A close look at Omnicom's third quarter earnings and the agency holding company's conference call offer some worrying data points of you're an employee at one of CEO John Wren's agencies: The boss says you're a flexible expense who could be cut.
Let's examine what was said back on Oct. 21, when the numbers came out and Wren (pictured) and his CFO, Randall Weisenburger, had their quarterly fireside chat with Wall Street.
Omnicom's revenue was up to $3.3 billion. Not bad, but the net income margin at the company is 6 percent. Not too much room for maneuver in an environment where ad budgets are being cut. Of that $3.3 billion, $2.9 billion disappeared immediately on operating expenses -- a giant chunk of that is your salaries, dear readers.
Wren: No one could have anticipated the current credit crisis or the unprecedented volatility that's created in the financial markets. We are in the process of trying to assess the impact these events we have on advertising spending for the first half of 2009.Did he really say that? People were "anticipating" a credit crisis as far back as August 2007. Wren must be the only guy on the planet who didn't see Jim Kramer's "Ben Bernanke has NO IDEA!" video.
Wren: At this point, our clients generally remain very cautious. The only two sectors which have cut back in fourth quarter spending are automotive and some of our retail clients.So, er, those would be your biggest clients, yeh?
Wren: As many of you know, as in past recessions offsetting part of the uncertainty in revenue is a flexibility we have in our cost structure. ... Longer term, as we've always done, we'll adjust our cost structures to reflect our best estimates of revenues going forward.
CFO Weisenburger: Our agency management teams are highly focused on managing their staffing levels and creating as much flexibility as possible in their cost structures to better manage through whatever economic conditions develop.Translation: Our major "cost" is staffing costs. To the extent that we can fire people, that "structure" is flexible.
Wren: We are hopeful that, this crisis will be short-termGet this man a subscription to the Wall Street Journal! No one thinks this recession is short-term.
Wren: Our incentive compensation normally runs between 20% of and 22% of pre-tax pre-incentive income. It's not all actionable. We can take it down if we must.Don't count on your bonus. If it's at all discretionary and non-contractual, it ain't happening.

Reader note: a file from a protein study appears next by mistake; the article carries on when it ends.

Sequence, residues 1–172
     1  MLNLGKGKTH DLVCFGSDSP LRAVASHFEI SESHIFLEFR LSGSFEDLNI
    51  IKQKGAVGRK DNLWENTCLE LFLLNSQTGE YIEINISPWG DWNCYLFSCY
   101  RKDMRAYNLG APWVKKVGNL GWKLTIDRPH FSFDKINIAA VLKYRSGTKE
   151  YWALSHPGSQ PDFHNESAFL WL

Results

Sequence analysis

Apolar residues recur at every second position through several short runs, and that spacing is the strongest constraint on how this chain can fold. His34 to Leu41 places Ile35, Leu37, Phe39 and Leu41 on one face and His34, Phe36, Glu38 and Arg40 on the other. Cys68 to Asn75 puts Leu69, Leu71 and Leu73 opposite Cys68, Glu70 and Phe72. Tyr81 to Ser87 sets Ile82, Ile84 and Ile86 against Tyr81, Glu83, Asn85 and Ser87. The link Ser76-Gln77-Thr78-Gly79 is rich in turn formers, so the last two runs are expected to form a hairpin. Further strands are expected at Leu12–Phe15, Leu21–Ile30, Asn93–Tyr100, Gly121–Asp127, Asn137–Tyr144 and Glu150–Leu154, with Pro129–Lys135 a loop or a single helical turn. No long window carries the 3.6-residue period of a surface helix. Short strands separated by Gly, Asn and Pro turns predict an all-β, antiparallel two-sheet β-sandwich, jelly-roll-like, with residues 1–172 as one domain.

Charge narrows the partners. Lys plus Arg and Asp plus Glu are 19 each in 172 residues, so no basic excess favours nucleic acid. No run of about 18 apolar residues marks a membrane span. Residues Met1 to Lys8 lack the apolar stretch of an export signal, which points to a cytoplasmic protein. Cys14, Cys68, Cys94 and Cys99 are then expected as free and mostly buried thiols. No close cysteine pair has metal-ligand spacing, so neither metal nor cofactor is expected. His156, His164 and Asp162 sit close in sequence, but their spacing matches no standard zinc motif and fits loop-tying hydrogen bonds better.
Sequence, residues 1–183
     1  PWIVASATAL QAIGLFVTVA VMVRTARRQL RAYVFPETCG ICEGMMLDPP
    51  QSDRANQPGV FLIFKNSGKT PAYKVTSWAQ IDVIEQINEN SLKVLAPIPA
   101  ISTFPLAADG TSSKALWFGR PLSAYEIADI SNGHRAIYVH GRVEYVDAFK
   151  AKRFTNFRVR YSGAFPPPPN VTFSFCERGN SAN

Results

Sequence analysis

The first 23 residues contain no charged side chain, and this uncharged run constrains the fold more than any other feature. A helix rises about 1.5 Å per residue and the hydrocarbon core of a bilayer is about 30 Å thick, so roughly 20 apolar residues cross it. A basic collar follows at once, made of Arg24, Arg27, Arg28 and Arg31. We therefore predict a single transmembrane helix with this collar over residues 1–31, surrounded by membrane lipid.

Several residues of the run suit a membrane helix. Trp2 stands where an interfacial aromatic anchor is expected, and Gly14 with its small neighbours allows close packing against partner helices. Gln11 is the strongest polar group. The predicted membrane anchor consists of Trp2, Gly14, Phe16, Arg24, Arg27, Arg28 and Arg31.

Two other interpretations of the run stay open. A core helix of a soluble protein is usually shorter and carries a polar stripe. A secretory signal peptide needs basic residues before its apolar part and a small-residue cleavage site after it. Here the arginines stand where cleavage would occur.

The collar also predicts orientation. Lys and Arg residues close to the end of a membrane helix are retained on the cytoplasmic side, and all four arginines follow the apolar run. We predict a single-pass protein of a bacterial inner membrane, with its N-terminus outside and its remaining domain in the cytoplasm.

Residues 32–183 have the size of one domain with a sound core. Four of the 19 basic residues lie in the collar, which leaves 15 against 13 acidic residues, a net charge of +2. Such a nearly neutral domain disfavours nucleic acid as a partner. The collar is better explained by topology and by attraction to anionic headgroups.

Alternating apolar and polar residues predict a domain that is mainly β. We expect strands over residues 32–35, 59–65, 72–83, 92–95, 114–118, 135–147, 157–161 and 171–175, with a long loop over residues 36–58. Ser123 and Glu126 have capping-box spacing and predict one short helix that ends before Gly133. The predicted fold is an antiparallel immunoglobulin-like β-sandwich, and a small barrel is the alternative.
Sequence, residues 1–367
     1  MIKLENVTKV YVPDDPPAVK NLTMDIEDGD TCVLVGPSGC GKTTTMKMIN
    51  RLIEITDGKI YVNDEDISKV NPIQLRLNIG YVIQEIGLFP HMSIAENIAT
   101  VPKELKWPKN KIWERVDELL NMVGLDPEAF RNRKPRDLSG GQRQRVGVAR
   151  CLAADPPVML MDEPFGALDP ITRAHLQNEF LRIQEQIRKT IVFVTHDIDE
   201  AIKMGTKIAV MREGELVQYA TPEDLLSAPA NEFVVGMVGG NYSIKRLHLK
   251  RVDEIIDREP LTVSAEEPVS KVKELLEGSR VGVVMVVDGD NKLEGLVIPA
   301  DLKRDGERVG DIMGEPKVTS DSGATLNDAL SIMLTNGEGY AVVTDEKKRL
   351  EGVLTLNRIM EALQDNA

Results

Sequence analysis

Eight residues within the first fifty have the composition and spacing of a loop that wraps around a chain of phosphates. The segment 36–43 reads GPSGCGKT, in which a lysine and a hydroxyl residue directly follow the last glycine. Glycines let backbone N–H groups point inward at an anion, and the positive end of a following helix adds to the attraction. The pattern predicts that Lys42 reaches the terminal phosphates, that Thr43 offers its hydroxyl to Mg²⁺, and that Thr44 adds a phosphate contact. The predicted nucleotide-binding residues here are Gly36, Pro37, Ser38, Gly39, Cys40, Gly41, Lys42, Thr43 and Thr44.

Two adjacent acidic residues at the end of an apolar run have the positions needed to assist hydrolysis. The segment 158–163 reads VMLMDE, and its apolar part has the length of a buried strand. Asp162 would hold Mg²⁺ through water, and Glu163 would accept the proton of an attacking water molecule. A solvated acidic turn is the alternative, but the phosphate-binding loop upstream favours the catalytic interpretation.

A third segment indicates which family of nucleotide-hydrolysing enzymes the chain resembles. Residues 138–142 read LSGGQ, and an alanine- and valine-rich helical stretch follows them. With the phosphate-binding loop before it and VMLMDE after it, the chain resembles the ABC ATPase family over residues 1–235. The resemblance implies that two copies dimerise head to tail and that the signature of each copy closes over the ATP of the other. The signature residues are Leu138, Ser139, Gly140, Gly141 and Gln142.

Wren: If we handle it right and there is a sustained recession, it will create opportunity for us to go out and acquire talent that's available in the industry that would have under different circumstances may not have moved from where they currently are working.Translation: If you get laid off from a non-Omnicom agency, send us your resume but expect to take a pay cut. You're all cheap right now.
Another interesting tidbit from the call is that Omnicom suspended its share buyback program. Buybacks are one way for a company to return value to the shareholders who have invested in the firm. Some companies have kept them up. Not OMC:
Craig Huber [an analyst at Barclays]: Can you just give us little more flavor for why you just suspended your share buyback?
Weisenburger: It's really a matter of conservatism. Why we suspended is the conservatism with respect to overall capital markets. Obviously there was pretty significant deterioration in capital markets as we went through the quarter. We didn't want to create any additional stress than we needed to on our bank groups or anybody else out there. ... We won't resume until the financial markets stabilize.
Wren: And in the near term cash is king.So let's take a look at Omnicom's cash. It has $8.3 billion in cash and cash-like assets on its balance sheet. That's 48% of its total assets. But $7.4 billion of its assets are "goodwill" -- a pretty intangible asset that tends to disappear quickly in a recession.
The more interesting number is on the bottom line of OMC's cashflow statement: The company lost $1.3 billion in cash last quarter, mostly from its stock buyback program. It only gained $213 million in net income on an accrual basis. I won't bore you with the technicalities of how OMC showed a loss on one page and a profit on the other, suffice to say that barring some extraordinary event like an acquisition, most companies would rather see those numbers the other way around.
So it looks like Omnicom has gone into cash-hoarding mode. Your salary is made of cash, BTW. Don't expect Wren to keep paying you just because he likes your face.